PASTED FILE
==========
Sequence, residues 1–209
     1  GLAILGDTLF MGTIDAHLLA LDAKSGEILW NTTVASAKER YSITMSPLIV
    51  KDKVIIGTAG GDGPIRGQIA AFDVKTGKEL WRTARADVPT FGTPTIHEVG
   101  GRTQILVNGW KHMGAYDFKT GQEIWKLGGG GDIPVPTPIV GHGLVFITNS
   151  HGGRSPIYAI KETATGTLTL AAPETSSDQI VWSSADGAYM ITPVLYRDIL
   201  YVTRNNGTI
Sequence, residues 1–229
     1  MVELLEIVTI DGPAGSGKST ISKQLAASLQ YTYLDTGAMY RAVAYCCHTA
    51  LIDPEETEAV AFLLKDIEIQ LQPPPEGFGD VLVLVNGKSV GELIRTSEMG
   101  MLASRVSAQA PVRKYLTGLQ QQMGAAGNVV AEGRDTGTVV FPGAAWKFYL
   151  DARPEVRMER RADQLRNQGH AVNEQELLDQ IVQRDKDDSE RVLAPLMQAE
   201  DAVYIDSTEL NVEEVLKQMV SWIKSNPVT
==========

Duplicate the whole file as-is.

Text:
Sequence, residues 1–209
     1  GLAILGDTLF MGTIDAHLLA LDAKSGEILW NTTVASAKER YSITMSPLIV
    51  KDKVIIGTAG GDGPIRGQIA AFDVKTGKEL WRTARADVPT FGTPTIHEVG
   101  GRTQILVNGW KHMGAYDFKT GQEIWKLGGG GDIPVPTPIV GHGLVFITNS
   151  HGGRSPIYAI KETATGTLTL AAPETSSDQI VWSSADGAYM ITPVLYRDIL
   201  YVTRNNGTI
Sequence, residues 1–229
     1  MVELLEIVTI DGPAGSGKST ISKQLAASLQ YTYLDTGAMY RAVAYCCHTA
    51  LIDPEETEAV AFLLKDIEIQ LQPPPEGFGD VLVLVNGKSV GELIRTSEMG
   101  MLASRVSAQA PVRKYLTGLQ QQMGAAGNVV AEGRDTGTVV FPGAAWKFYL
   151  DARPEVRMER RADQLRNQGH AVNEQELLDQ IVQRDKDDSE RVLAPLMQAE
   201  DAVYIDSTEL NVEEVLKQMV SWIKSNPVT